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Part of a series of lectures by academics in the Centre for Scottish and Celtic Studies at the University of Glasgow addressing the question of Scotland’s historic Britishness from different disciplinary perspectives.

How British is Scotland? University of Glasgow

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Part of a series of lectures by academics in the Centre for Scottish and Celtic Studies at the University of Glasgow addressing the question of Scotland’s historic Britishness from different disciplinary perspectives.

    Britain and Scottish Independence in the Middle Ages

    Britain and Scottish Independence in the Middle Ages

    Professor Dauvit Broun, Chair of Scottish History, examines some of the ways in which medieval Scots engaged with the concept of Britishness. He argues that Britishness was not uniform, and that medieval Scots were able to identify with and express distinctive forms of Britishness which emphasised separateness from other parts of the British Isles.

    • 52 Min.
    A Gendered Perspective

    A Gendered Perspective

    Professor Lynn Abrams, Chair of Modern History at the University of Glasgow, shows how a number of Scottish women of the inter-war period rose from the national arena to take prominent roles in international pacificist movements. By doing so, they transcended national boundaries without expressing discontentment with the British state.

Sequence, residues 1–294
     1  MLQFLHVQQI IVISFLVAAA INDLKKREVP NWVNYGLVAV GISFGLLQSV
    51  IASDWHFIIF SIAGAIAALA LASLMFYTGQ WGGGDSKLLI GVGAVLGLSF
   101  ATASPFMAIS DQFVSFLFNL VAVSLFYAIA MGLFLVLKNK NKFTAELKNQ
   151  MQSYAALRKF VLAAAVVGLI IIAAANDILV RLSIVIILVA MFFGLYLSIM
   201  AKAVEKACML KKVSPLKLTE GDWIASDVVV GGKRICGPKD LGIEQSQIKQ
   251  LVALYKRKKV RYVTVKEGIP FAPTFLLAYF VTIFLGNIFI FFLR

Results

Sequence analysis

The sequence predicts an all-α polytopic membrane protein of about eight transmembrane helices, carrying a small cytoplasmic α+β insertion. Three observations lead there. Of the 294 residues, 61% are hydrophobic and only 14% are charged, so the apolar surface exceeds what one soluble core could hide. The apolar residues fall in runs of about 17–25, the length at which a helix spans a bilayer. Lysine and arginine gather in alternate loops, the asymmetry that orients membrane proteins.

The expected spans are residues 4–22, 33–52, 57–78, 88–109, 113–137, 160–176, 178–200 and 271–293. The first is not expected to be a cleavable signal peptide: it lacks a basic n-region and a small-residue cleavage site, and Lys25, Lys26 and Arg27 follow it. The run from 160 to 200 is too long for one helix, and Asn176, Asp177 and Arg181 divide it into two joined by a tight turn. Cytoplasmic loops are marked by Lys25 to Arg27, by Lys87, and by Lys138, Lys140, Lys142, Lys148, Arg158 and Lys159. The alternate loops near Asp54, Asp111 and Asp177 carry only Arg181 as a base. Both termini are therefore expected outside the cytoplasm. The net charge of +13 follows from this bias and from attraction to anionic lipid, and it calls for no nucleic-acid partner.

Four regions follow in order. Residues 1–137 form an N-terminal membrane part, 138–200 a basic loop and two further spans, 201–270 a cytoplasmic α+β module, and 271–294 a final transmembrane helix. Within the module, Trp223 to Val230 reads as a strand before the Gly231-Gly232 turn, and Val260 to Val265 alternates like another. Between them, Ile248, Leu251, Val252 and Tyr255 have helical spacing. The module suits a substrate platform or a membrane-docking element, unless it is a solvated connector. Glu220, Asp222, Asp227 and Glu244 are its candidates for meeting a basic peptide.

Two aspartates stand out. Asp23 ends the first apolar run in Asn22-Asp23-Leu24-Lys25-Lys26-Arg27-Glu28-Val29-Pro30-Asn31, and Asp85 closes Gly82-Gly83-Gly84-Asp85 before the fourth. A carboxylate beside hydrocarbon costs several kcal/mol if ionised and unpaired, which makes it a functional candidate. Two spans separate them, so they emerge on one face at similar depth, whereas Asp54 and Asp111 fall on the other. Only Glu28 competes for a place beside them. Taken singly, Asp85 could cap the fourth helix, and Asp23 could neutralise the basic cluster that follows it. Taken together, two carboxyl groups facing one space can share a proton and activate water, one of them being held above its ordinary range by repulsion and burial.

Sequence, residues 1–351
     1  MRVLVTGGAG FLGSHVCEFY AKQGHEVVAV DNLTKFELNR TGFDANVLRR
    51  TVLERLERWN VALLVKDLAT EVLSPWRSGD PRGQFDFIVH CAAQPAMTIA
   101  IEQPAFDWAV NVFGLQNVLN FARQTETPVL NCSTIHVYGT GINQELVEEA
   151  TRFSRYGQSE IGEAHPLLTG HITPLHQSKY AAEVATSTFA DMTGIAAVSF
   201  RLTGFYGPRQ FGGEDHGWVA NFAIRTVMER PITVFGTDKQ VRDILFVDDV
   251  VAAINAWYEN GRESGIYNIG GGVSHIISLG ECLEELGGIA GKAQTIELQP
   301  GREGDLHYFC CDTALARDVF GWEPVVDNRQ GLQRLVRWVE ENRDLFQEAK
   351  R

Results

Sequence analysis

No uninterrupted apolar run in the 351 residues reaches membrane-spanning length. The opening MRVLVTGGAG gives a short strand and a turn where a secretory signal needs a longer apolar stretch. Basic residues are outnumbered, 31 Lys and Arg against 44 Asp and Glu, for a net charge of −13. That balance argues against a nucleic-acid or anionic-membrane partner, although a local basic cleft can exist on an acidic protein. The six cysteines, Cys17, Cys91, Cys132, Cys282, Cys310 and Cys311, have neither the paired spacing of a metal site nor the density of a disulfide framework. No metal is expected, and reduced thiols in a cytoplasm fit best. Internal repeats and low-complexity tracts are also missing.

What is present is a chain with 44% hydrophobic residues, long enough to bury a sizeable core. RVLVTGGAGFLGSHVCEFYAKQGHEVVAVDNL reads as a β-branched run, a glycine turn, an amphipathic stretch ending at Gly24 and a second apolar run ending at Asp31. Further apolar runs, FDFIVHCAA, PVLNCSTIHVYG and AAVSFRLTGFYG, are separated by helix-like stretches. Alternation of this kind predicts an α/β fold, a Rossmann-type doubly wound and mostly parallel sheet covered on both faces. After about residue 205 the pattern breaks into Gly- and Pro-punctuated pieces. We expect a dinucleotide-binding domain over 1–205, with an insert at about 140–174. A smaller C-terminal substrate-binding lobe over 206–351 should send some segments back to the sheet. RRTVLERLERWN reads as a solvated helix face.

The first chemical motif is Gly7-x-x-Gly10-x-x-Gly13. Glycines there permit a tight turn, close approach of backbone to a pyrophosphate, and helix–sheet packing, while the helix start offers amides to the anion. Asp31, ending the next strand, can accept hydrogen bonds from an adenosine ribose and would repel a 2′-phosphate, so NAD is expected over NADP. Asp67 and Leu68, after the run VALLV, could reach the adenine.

• 46 Min.
    Archaeological Origins of Scotland

    Archaeological Origins of Scotland

    Stephen Driscoll, Professor of Historical Archaeology, and Ewan Campbell, Senior Lecturer in Archaeology, from the University of Glasgow explore how the concept of Scottish nationality is applied in the field of archaeology. Professor Driscoll emphasises how difficult it is to ascribe Scottishness to archaeological finds, but notes how they have been packaged as Scottish in modern times. Dr Campbell looks at the varied origin myths of the Scottish nation, noting that identity was fluid in the early medieval period. He also asserts that Scotland was culturally conversant with other parts of Europe in this period, and only peripheral in a strictly geographical sense.

    • 46 Min.
    Celtic Perspectives on Multiculturalism

    Celtic Perspectives on Multiculturalism

    Thomas Clancy, Professor of Celtic at the University of Glasgow, discusses multiculturalism in early medieval Scotland, arguing that Scotland was the one of the most linguistically diverse countries in Europe in this period. He argues that such diversity should be embraced instead of the pursuit of an inflexible ‘essence’ of Scottish or British identity.

    • 54 Min.
    Flying the Flag for the Union? Scotland 2014: Yes or No, What Happens Next?

    Flying the Flag for the Union? Scotland 2014: Yes or No, What Happens Next?

    Professor Murray Pittock, the Bradley Chair of English Literature at the University of Glasgow, looks at the different possibilities for Scotland’s future and its relationship with the rest of the UK in the wake of the 2014 independence referendum. He argues that there are risks in all scenarios, but that a no vote is the biggest risk of all.

    • 56 Min.

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